Hale-Bopp was bright and obvious in the sky, a spectacular display, even though it's path kept it far from the Earth. It's closest approach was about 120 million miles from Earth. It only appeared bright in our sky because it is such a big comet.
Hale-Bopp viewed from the top of Roan Mountain, North Carolina, March 22 1997.
The blue tail is gasses released by the comet. These gasses are rapidly blown away in the high velocity Solar wind, so the gas tail always points directly away from the Sun.
This is a view from Altamont, North Carolina.
The white tail is dust and small debris left behind by the comet as it orbits the Sun. Meteor showers happen when the Earth passes through these debris trails.
A view of Hale Bopp from a hilltop at Lunday, North Carolina.
With my telescope I was able to watch this comet for several months before and after it's closest approach.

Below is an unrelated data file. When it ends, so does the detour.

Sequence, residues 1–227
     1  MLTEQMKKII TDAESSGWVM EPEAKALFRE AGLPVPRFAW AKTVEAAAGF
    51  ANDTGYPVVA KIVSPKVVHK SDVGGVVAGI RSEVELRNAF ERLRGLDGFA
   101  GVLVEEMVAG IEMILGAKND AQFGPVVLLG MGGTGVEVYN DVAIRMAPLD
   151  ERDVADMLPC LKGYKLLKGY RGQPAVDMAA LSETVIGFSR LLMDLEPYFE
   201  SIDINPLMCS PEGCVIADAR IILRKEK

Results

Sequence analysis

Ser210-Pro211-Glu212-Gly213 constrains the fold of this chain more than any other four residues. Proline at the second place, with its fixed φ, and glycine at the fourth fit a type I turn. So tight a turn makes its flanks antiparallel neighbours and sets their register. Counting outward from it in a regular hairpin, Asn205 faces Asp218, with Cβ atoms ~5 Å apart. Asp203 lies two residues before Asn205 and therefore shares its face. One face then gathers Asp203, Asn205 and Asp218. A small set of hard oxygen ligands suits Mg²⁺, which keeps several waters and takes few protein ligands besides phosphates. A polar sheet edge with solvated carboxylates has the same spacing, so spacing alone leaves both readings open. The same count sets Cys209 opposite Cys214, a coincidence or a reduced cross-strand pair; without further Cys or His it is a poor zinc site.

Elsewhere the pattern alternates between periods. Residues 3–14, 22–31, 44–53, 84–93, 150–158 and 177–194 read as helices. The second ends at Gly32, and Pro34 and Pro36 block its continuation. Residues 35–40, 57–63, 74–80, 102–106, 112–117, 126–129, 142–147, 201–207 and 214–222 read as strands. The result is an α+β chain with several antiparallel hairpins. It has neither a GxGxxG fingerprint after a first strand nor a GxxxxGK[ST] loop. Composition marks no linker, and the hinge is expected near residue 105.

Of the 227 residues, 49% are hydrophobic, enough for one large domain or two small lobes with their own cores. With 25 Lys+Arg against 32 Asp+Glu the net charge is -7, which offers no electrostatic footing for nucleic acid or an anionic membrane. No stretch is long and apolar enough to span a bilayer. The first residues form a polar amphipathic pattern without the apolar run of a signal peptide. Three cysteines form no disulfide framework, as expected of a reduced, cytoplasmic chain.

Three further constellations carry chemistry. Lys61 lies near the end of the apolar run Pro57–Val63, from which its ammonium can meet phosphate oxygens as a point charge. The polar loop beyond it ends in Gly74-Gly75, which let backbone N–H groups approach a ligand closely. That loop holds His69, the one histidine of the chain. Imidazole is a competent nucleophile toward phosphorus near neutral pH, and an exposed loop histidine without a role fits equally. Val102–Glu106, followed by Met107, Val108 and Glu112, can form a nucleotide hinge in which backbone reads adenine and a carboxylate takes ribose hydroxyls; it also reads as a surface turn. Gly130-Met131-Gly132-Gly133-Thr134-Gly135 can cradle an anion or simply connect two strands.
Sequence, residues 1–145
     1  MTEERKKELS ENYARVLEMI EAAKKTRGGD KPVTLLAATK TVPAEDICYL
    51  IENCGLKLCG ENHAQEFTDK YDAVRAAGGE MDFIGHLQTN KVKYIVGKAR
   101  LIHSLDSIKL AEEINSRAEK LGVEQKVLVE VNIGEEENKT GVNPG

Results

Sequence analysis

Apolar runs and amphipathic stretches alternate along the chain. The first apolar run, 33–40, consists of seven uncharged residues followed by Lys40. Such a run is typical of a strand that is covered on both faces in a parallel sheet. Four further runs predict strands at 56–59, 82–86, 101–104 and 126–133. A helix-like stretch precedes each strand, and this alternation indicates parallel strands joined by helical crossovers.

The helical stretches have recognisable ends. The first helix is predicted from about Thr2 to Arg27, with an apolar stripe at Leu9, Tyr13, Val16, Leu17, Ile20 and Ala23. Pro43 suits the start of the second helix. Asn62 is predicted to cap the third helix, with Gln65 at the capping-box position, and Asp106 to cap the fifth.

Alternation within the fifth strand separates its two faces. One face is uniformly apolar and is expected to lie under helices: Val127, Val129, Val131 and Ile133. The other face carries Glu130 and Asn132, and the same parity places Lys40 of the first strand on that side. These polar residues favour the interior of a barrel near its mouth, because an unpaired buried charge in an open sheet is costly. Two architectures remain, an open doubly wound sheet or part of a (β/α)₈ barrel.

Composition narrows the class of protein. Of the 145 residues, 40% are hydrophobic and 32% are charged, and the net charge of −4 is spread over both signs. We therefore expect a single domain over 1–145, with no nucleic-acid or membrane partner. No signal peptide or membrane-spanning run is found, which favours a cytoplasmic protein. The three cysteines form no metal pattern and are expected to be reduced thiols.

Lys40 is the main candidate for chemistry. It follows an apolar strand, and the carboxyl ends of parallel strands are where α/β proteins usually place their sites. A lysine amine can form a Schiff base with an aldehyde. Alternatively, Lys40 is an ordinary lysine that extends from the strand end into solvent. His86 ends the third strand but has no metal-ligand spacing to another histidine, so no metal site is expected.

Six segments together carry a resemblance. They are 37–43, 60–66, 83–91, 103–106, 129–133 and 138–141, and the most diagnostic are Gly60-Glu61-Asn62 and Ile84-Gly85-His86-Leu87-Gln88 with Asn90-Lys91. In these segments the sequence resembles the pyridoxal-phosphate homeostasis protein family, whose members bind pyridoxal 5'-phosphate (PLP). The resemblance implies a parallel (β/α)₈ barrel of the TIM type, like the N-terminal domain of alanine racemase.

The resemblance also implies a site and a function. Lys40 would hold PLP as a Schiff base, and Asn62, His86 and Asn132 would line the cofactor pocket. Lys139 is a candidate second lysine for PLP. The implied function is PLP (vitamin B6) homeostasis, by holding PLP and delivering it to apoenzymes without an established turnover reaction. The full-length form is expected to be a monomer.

A view from the baseball field parking lot at Mountain Heritage High School in Burnsville, North Carolina, on March 20, 1997.
Through the telescope the concentric, progressively more diffuse shells or layers of gas surrounding the nucleus were plainly obvious. These shells were caused by jets or vents on the spinning nucleus (Hale-Bopp's nucleus was making one revolution every 11.4 hours), expelling gasses heated by solar radiation.
A view from the High School entrance, including my daughter Cynthia, then 5 years old, who patiently posed for the time exposure photo.
The streaks behind Cynthia are headlights of vehicles on highway 19E.
All these pictures were made using a Nikonos 5 underwater camera with a 35mm lens and ASA 1000 film.
Photos © 1998 by Bob Hampton All Rights Reserved